5.  Three Perspectives for Developing a Social Media Strategy for Events

Planning Your Event

6. Social Media For Events: 101 (Link to 10 Social Media in Events Articles)

7.  Mashable’s Guide to Using Social Media in Events

8.  Meeting and Event Planning with Social Media

9.  Why Event Managers Should be Using Social Media

Promoting Your Event

10. Using Social Media To Promote Events

11. 8 ways to use MySpace for Events

12. 13 Ways Linked Supports Event Marketing

13. 5 Powerful ideas for using Facebook for Your Events

14. Social Media Amplifies Event Marketing

15. Why You Need Bloggers and Tweeters at Your Next Event

16. Three Reasons to have your Presenters Create Videos to Promote Their Sesssion

17. Why User-Generated Content is Good for Meetings & Events

Social Media Marketing Guide by Anne Thornley-Brown

18. Social Media Marketing Strategies for Event Planners – Part 1

19. Social Media Marketing for Event Planners – Part 2: RSS Feeds & More About Blogs

20. Social Media Marketing Tools for Event Planners – Part 3: Twitter & Facebook

Social Networking & Community Building

21. Pre-Event Community Building (Excellent Resource)

22. Using Twitter to Build a Community Around Your Event

23. 14 Online eCommunity Options For Your Next Annual Meeting

24. How To Make Your Event’s Social Network Easy to Join

25. How To Increase Social Media (and technology) Adoption

Backchannel and Twitter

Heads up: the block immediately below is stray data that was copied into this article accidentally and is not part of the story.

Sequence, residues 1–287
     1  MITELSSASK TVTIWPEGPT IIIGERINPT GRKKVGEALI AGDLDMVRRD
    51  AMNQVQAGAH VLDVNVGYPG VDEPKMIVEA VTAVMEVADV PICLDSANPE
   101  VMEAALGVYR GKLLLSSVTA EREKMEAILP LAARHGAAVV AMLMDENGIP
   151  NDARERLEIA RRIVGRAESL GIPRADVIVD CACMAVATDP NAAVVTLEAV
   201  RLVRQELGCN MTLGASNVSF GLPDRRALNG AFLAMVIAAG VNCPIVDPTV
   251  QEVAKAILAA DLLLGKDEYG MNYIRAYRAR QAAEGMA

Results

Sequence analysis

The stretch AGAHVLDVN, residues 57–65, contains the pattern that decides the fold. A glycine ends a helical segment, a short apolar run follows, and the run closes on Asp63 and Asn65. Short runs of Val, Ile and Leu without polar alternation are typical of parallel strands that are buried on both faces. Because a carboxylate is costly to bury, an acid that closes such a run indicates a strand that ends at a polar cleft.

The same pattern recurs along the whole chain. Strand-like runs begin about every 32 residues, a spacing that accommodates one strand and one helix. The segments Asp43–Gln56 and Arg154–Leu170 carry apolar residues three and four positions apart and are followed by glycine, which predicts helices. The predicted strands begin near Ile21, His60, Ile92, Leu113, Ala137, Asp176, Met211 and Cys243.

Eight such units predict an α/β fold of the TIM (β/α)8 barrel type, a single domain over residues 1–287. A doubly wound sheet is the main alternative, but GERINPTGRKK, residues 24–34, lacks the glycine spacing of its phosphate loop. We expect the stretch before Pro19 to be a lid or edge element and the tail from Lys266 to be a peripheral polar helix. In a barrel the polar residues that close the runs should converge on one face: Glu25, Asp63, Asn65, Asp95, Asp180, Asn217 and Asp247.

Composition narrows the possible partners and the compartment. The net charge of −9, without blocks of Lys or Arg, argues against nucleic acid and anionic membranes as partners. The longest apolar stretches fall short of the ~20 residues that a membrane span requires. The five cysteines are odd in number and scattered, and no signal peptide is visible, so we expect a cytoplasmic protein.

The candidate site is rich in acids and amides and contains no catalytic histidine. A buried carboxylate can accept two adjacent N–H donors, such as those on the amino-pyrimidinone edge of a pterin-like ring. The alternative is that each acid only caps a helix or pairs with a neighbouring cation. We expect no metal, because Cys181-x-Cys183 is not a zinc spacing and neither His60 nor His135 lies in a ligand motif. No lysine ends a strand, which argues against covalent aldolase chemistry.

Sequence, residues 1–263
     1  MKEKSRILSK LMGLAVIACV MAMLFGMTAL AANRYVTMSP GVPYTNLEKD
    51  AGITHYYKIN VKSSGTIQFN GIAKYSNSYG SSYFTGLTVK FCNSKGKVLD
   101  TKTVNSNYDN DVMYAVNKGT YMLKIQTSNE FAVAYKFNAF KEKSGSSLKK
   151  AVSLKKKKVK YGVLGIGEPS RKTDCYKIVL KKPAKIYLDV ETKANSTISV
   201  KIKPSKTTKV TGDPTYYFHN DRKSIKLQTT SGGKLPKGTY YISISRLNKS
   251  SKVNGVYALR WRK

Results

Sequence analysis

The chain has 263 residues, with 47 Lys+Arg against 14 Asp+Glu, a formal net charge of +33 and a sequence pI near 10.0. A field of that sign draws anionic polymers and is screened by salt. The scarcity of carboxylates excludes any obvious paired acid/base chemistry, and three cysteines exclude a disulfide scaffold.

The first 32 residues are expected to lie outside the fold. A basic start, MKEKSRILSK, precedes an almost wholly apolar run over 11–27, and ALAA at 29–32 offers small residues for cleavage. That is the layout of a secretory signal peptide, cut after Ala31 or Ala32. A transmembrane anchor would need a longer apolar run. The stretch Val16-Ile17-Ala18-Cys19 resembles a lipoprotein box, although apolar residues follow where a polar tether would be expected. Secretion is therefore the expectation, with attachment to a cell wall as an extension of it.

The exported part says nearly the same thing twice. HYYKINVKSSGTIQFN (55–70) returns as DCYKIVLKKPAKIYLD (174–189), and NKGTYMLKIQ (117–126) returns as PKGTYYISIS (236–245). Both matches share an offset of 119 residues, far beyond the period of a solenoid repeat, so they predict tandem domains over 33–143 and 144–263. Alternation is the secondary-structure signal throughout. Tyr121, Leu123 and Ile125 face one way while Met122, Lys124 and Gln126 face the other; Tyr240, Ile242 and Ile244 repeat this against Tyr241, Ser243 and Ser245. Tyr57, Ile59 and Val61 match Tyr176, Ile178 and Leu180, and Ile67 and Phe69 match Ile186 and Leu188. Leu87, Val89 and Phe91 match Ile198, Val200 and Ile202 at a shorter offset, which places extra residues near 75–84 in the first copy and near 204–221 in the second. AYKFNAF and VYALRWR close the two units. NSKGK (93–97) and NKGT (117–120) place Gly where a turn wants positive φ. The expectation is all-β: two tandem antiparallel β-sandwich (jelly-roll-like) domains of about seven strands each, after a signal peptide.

26. 10 Reasons Why Your Conference Should Use a Backchannel

27. Bringing Twitter’s Backchannel to the Frontchannel

28. Tips for Using Twitter During Presentations

29. Tweeting At Conferences And Events: The Good, The Better, The Best

30. 5 Ways to Visualize Twitter at Events

31. 8 Tips for Monitoring the Backchannel during your presentation

Other Useful Resources

32. Using Social Media for Meetings and Events

33. Role of Social Media in Future Events?

34. Does Social Media Feel Like an Awkward Embrace

35. Using Social Media To Listen To Your Conference Attendees

36. Social Media in Events Survey

37. Social Media Revenue Streams for Trade Shows and Conferences

38. Technology Plans for 3 Leading Organizations

39. Benchmarking Event-Driven Non-Profit Social Media Campaigns

40. See how welders use Twitter at Tradeshows

41. User Generated Content & Conferences: Shoot the Reaction

42. 6 Must Read Posts about the ROI of Social Media

43. Best Use of Twitter at Conferences: Change the Context


I am not omniscient and I didn’t stay the night in a Holiday Inn Express.  So, I probably missed some useful resources – like like your killer blog post or awesome online magazine article. Please accept my apology and use the comments section to add it to the list.

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How to Increase Social Media (and Technology) Adoption at Events

In my opinion, some event organizers are throwing technology at their events in the same way that the zookeeper throws a big chunk of raw meat to the lions. They lob it out there on the floor, stand back and see what happens.

While the lion might jump on that piece of meat without batting an eye, most attendees are not jumping on social media and event technology without a little help.

So, how do you get more attendees to start using these interactive and social technologies? I will start the discussion with some suggestions based on my experience. I hope that you will add your ideas in the comments below.

1. Show Attendees the WIIFM (what’s in it for me).